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Coal Power in Alaska

Last Modified: 19th March 2015

Coal Power in Alaska

Existing and proposed coal-fired power plants in Alaska.

Less than 10% of Alaska's electricity comes from coal. Most is from gas, hydro, and oil. There are six small coal-fired power plants in Alaska, all found on the "Railbelt" power grid north of the Alaska Range between the Usibelli Coal Mine and the Fairbanks area. Most were built in the 1950's and 1960's and are "co-generation" plants where the coal is used for power as well as generating steam that is piped into businesses, residences, or military bases. All the existing plants use the "pulverized coal" method of combustion and the coal combustion wastes are deposited as fill in a variety of places. These plants are located on Fort Wainwright,Eielson Air Force Base, Clear Air Force Station in Fairbanks (Aurora Energy LLC), on the University of Alaska, Fairbanks campus, and near Usibelli coal mine

Fort Wainwright Central Heat and Power Plant

The Fort Wainwright Central Heat and Power Plant (CHPP) is the largest coal-fired power plant owned by the U.S. military. It was first constructed in the 1940's, and has been modified extensively over time. This co-generation plant uses around 230,000 tons of coal per year and can produces up to 20 Mw of electricity as well as steam for heating.

In 1999 this plant was fined over $16 million by the EPA for violation of the Clean Air Act, which at the time was the largest fine levied by the EPA against a Department of Defense installation. Around this same period, Fort Wainwright was designated as Superfund Site for contamination of soil and groundwater with coal, petroleum and pesticide wastes. However, the site is currently in compliance with EPA regulations. In 2007, an air-cooled condenser was added to the plant to address the problem of generating ice fog near the cooling pond in the winter that affected visibility on the Richardson Highway. This plant uses a baghouse to capture fly ash from the stack.  Significant changes to the plant are underway as a result of a 2010 decision to privitize the plant.  The facilities are now operated by Doyon Utilities.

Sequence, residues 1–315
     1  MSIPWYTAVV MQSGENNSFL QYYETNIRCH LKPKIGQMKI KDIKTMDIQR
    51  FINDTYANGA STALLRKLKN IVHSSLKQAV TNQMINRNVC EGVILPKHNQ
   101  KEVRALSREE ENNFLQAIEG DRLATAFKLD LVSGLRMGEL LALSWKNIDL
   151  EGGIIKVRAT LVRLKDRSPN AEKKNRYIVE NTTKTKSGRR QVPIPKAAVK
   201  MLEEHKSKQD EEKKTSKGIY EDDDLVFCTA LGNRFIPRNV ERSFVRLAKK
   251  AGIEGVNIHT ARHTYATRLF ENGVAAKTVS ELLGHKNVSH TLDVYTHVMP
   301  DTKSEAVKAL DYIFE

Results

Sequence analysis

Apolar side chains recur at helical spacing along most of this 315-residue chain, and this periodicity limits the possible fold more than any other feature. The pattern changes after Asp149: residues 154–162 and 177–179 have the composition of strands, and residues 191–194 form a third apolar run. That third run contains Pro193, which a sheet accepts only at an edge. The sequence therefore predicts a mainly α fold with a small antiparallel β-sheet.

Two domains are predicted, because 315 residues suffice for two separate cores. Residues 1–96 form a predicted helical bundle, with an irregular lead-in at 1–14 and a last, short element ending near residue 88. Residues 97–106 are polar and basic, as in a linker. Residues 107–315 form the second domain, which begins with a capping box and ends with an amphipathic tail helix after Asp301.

Eielson Airforce Base

The co-generation power plant at Eielson Air Force base was constructed in 1951 and uses about 196,500 tons of coal per year to produce up to 25 Mw of electricity. In the winter the plant produces more than 380,000 pounds of steam per hour, two thirds of which is used to heat the base and the remainder to generate electricity. This plant uses a baghouse to capture fly ash from the stack.

Clear Air Force Station

The co-generation plant at Clear Air Force Station began operations in 1961 and currently uses around 58,000 tons of coal per year. This plant produces up to 22.5 Mw of electricity as well as steam for heating. This plant uses a baghouse to capture fly ash from the stack.  In September 2012 the base announced an interested in mothballing this plant and connecting to the grid managed by GVEA.  The Air Force has also tried to sell the plant but as of the end of 2012 had not found a buyer.

Chena powerplant - photo Russ Maddox

Aurora Energy LLC (Chena Plant)

Aurora Energy LLC, a subsidiary of Usibelli Coal Mine Inc., took over operations of the Chena Power Plant and District Heat System in Fairbanks in 1998. This plant provides steam and hot water for approximately 165 consumers in Fairbanks, as well as generating up to 25 Mw of electricity which it sells to the Golden Valley Electric Association. This plant uses approximately 210,000 tons of coal per year and produces ~350,000 metric tons of CO2 per year.  In 2006, this facility installed a full baghouse which captures the fly ash.  In 2011 a study(4.2 MB) sampled coal ash from this facility that was being used as fill and found high levels of toxic compounds including arsenic, mercury, and vanadium.  The EPA launched a preliminary investigation in 2012 and based on that work plans to return for a full hazard assessment of the facility later in the year which could include listing on the National Priorities List (a.k.a. Superfund).  In early 2013 an injury and a worker complaint raised questions about safety practices at Aurora.

UAF powerplant - photo Russ Maddox

The University of Alaska, Fairbanks

The University of Alaska, Fairbanks operates a 23 Mw capacity co-generation plant constructed in 1964. This plant uses approximately 60,000 tons of coal per year to supply all the electricity, hot water, and heat to the University.  UAF has requested $22 million for FY2014 to construct a new coal-fired plant that could also use up to 15% waste and/or biomass though total costs would be much higher.  This was followed in early 2014 by a request for the full $195 million that such a plant would require.  In late 2014, a design company was selected and the proposed completion date would be in 2018.

The Golden Valley Electric Association

Healy "mine mouth" plant

Healy "mine mouth plant" in foreground. HCCP in background.

The Golden Valley Electric Association also operates a "mine-mouth" plant in Healy, near the Usibelli coal mine. This 25 Mw facility was built in 1967 and is located just next to the newer Healy #2 "Clean Coal" plant which is currently non-operational. This plant uses a baghouse to capture fly ash from the stack.

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By David CoilErin McKittrickBretwood HigmanGround Truth Trekking

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Date Created: 19th April 2010